How to Write a Music Review Essay
When the authors start practicing in the genre of music reviews, they do not use the set standards; they try to describe the music (and often in non-musical terms, which is why crazy phrases like “aggressively entered into” constantly appear in the text.
Another problem is that, in the opinion of most novice authors, the review should sound pretentious, sometimes scientific, and ponderous.
But the review is not a slanderous essay; it is a text that should help make a decision regarding the described album or single: listen to it or pay attention to something else. If you don’t know how to do it right, it is better to get help from a reliable essay-writing service like https://essayshark.com/. An essay sample will teach you how to write high-quality music reviews.
How to interest the reader
If the author is a graphomaniac, the review is their way of self-expression and communication with the world. They choose something rare for analysis and demonstrate their refined taste. If the author wants to help their addressee to listen to this or that disk, they must explain themselves clearly and must interest the reader so that they read the text to the end.
We will talk about graphomaniacs some other time; today, we will talk about how reviews that are useful to the reader are created. They do not always have to be neutral because the reader often likes to see an opponent in the author and internally argue with them, and if a particular famous person scolds a work of art, and their reader usually disagrees with this author, they can get acquainted with an album or book on the contrary.
Today I’m going to talk about some of the essentials to create a competitive product for quality publications that systematically write about pop culture.
Two conditions for creating a review
I have my two most important personal rules, which I always use so that the review remains in the reader’s memory and is not one-time. I use them so that readers return to a review not only as a source of delirium but as an informational note that clearly describes this or that case.
Condition number 1
From the review, it should be clear what kind of artist is in front of the reader. You need to assume that the reader does not know anything about the subject that you are describing. That is why the first five lines (or two sentences, if you feel comfortable thinking in such volumes) devote the presentation. Tell a reader about the artist, what period they are in, what they are famous for, and what their new work means in the context of their entire career.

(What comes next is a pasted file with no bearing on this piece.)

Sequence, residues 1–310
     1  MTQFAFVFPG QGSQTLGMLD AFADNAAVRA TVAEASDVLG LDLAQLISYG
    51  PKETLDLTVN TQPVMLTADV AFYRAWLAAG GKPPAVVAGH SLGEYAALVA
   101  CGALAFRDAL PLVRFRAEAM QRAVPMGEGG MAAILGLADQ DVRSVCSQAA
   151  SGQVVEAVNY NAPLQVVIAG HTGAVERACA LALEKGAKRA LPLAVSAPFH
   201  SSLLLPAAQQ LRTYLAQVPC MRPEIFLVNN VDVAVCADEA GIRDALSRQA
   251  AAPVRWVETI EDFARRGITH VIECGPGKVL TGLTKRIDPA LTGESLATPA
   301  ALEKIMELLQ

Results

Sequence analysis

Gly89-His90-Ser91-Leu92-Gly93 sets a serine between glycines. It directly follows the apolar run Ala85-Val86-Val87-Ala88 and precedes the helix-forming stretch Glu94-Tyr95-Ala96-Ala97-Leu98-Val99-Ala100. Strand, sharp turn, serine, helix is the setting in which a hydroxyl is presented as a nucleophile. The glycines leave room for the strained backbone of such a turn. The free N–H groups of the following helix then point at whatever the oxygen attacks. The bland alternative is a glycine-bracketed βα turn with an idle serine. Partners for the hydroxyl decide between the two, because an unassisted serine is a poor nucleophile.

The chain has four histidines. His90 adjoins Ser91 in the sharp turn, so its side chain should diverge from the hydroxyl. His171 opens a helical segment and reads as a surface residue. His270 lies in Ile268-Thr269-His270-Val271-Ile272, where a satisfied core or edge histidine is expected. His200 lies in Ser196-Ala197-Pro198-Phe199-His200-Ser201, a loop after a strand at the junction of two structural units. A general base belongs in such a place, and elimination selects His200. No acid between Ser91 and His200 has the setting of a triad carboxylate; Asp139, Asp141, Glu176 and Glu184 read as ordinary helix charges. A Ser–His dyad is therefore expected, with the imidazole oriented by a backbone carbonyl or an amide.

Condition number 2
It is necessary that your review (like any text in principle) sound good to the ear. Reading aloud cleans your text from unnecessary, unhealthy phrases (including gerunds), the number of nonsense in the text after you read the note from the printed sheet with an expression (you can see errors on paper one and a half times more than on the screen) will decrease by about three times.
Subsequently, you will understand that dramatic pauses are possible within the text; you can control the mood of the reader, speed up and slow down. And ease of handling the internal dynamics of the text means more than stuffy beautiful adjectives, which editors usually remove first when shortening the text.
Tips for writing a music review
Let’s summarize all of the above in the form of specific tips.
- Be clearer
Most novice authors mistakenly believe that a review should sound pretentious, sometimes scientific and ponderous. For such authors, a review is a way of self-expression, of demonstrating their refined taste. Trying to describe music in non-musical terms is not worth it. Because of this, crazy phrases like “aggressively entered into” constantly appear in the text.
- Try to benefit the reader
The author of the review is obliged to interest their reader so that they read the text to the end and perceives it not as a source of the author’s nonsense but as an informational note. And most importantly, the review should help to make a decision: listen to this album or not.
- Speak your opinion, even if it is controversial
A good review doesn’t have to be neutral. The reader likes to see an opponent in the author and internally argue with them. If a particular famous person scolds a work of art, and their addressee usually does not agree with this author, they can get acquainted with the album or book “on the contrary.”
- Make it clear what kind of artist is in front of the reader
You need to assume that your reader does not know anything about the subject that you are describing. Therefore, devote the first five lines (or two sentences) to the presentation. Tell them about the artist: what period they are in, what they are famous for, and what their new work means in the context of their entire career.
- The review should sound good
Reading aloud cleans your text of unnecessary, unhealthy phrases (including participles). The number of nonsense in the text after you read the note from the printed sheet with expression will decrease by about a third. One and a half times more errors are visible on paper than on the screen.
- Try to control the mood of the reader
Dramatic pauses, accelerations, and decelerations are possible within the text. Ease of dealing with the internal dynamics of the text means more than stuffy beautiful adjectives, which editors usually remove first when shortening the text.
You need to give absolutely enough information for the reader to decide whether to listen to the disc or not. This is the main task of the reviewer – to present the work in such a way that the reader themselves can draw a conclusion about it without even listening. And if the author managed to push the reader to listen to the album and then argue in the comments under the text, this is the best option for the 21st century.